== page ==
Vintage 1940s hair pins

After seeing a sweet little vintage card of hair pins in a roundup post of fun Etsy finds on the Swing Fashionista blog, I fell in love.

I tried not to buy it. Really I did.

Oh well.

Here it is:

I think you can see why I couldn't resist them. The image on the card is gorgeous!

I think you can see why I couldn’t resist it. The image on the card is gorgeous 1940s goodness.

Now it lives on the dressing table-like area of my bathroom, with a couple of other vintage goodies.

Apparently, I now have a collection of vintage dressing table items. The talc on the left is empty. The one on the right is full be sealed shut by rust.

Apparently, I now have a collection of vintage dressing table items. The talc container on the left is empty. The one on the right is full but sealed shut by rust. The hair pins have some rust, so I consider everything you see here purely decorative.

I got the card from the Covetable Curiosities shop on Etsy. Mine was listed as “1 available,” but the store has another one up for sale, also listed as “1 available.” With a quick Google search, a few more show up on eBay as ended or current. It doesn’t seem to be terribly rare, but it is awfully pretty.

 

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Full-bust adjustment on Sewaholic Belcarra Blouse

The Sewaholic line of patterns is specifically designed to fit and flatter pear-shaped woman.

I am pretty much the opposite of a pear-shaped woman.

My bust is my largest measurement, then my hips, with my waist not much smaller.

But the great results a variety of women are getting from the Belcarra Blouse pattern looked too good to resist, so I jumped in the fray.

Then came the pattern adjustments.

I started by making a muslin of the pattern as it was. It seemed to fit everywhere but the bust. Here is the result, after some slashing to accommodate my figure:

I marked my bust point, then made slashes typical of full-bust adjustments, so I could see how much room to add.

I marked my bust point, then made slashes typical of full-bust adjustments, so I could see how much room to add.

Obviously, I had work to do on the pattern. I made a typical full-bust adjustment, so the front bodice pattern looked like this:

Here you can see the full bust adjustment. Width is added across the bust, length is added to the center front, and a dart is added to the side.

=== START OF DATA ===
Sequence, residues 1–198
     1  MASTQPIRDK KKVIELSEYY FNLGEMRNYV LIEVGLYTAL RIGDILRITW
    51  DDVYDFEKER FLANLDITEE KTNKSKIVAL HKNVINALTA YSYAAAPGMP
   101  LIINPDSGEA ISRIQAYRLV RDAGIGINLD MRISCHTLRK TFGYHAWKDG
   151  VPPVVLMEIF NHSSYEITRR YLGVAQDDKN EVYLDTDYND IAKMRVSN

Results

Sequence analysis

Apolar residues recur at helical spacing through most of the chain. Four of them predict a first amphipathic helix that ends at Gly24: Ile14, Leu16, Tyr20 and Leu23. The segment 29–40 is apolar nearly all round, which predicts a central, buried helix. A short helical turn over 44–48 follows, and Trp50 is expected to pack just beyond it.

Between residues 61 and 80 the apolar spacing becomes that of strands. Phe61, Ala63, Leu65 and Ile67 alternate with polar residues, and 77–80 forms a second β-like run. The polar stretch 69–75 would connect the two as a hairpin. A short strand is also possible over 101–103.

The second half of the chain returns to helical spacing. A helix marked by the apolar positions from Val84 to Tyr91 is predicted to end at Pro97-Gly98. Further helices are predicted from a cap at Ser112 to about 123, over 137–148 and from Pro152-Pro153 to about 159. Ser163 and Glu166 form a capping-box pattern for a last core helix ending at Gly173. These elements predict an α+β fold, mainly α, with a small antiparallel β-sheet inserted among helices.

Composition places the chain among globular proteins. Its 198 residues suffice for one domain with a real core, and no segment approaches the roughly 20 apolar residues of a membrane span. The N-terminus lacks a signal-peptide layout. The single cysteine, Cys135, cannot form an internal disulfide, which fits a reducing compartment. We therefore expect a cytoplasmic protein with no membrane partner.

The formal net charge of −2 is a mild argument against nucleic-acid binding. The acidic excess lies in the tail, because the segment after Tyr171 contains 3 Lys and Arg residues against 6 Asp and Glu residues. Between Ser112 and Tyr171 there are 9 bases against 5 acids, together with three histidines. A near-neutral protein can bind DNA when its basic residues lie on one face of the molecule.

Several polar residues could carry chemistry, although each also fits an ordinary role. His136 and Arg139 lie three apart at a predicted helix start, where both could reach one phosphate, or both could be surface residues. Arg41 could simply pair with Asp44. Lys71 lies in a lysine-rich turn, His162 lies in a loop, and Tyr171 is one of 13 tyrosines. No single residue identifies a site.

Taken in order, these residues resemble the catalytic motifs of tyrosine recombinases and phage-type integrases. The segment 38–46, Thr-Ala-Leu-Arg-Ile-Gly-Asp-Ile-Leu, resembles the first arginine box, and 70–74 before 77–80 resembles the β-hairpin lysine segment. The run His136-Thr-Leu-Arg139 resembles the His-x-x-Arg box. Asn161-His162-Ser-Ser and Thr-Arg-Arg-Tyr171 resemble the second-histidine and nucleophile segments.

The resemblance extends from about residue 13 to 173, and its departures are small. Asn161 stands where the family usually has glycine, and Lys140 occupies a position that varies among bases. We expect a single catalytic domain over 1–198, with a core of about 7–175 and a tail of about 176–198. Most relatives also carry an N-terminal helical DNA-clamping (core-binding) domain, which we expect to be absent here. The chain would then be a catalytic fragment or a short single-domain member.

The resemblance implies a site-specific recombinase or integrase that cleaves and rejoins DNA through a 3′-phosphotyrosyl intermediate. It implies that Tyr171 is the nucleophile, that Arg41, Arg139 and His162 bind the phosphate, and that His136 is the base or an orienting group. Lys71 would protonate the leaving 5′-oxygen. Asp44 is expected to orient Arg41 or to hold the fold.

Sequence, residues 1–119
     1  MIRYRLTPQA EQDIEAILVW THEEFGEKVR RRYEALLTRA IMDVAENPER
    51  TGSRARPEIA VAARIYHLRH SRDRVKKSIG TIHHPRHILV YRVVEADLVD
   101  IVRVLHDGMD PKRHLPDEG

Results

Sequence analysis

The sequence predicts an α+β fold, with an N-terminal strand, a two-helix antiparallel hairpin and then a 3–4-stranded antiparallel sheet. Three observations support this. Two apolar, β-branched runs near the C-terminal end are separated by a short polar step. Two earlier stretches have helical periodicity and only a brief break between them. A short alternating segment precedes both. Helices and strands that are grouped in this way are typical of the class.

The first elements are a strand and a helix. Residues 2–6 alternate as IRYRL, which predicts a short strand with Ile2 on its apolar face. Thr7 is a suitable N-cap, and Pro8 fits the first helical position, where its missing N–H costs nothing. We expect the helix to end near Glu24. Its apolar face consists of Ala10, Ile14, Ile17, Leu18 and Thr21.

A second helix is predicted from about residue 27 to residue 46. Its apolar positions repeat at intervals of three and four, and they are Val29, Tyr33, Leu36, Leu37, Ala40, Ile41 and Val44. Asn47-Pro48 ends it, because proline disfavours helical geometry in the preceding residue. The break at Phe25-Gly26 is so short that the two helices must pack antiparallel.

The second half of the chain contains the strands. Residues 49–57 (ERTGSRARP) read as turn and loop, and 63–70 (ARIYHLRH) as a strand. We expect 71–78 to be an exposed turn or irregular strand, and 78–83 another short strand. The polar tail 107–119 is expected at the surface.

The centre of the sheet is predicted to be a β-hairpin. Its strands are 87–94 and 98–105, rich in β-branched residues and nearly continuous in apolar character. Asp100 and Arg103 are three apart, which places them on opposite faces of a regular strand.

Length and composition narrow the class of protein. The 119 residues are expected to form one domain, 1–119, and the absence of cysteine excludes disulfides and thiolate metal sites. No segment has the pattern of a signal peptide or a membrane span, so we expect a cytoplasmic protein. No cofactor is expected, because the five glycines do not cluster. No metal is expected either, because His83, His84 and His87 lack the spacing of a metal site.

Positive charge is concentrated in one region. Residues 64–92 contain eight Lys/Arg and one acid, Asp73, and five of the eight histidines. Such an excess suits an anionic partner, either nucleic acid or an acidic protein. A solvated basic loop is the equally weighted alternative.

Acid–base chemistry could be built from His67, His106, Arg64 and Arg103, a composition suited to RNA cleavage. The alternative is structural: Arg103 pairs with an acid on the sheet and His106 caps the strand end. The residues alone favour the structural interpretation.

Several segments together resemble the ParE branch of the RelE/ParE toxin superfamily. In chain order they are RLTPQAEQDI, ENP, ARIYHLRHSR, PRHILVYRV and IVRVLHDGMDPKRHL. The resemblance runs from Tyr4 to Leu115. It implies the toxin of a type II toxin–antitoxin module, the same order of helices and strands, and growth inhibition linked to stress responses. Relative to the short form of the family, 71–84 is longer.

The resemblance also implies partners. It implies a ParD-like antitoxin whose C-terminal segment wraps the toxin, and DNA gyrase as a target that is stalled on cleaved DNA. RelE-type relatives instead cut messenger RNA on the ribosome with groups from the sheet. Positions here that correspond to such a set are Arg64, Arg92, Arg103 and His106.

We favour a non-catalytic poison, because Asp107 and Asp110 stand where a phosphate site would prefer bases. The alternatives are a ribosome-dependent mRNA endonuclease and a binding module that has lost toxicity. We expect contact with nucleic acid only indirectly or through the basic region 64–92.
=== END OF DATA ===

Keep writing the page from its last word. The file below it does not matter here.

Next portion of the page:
For a typical full bust adjustment, width is added across the bust, length is added to the center front, and a dart is added to the side.

After trying that on, I realized that the bust point needed to be raised. I guess this is pretty common. The way the full-bust adjustment is done ends up creating a dart that does NOT point toward the apex of the bust. You often have to move it, but it’s impossible to know exactly how much to move it until you’ve done the adjustment. From this pattern alteration, I cut a new front bodice piece and replaced the slashed one.

As you can see, the muslin fits Gene much better, but the bust dart needed to be adjusted and the hips are way too wide.

As you can see, the muslin fits Gene much better. However, the bust dart needed to be adjusted and the hips are way too wide. I have them pinned in an inch on each side, for a total of four inches.

To accommodate these changes, I altered the pattern again.

Here, I raised the bust point, then narrowed the hips. I almost made them straight but settled on a gentle curve.

Here, I raised the bust point, then narrowed the hips. I almost made them straight but settled on a gentle curve.

Now, I think I’m ready to cut out my fashion fabric.

Taking a simple blouse pattern made for a pear and altering it for an apple is a lot of effort, but I think it’s going to be worth it. I had forgotten how nicely raglan sleeves sit on my shoulders, and this is a quick basic pattern. Once I have this pattern perfected, I can sew up a bunch of these basic tops. I’m hoping they will make a good substitute for the cheap knit tops I always buy at Target.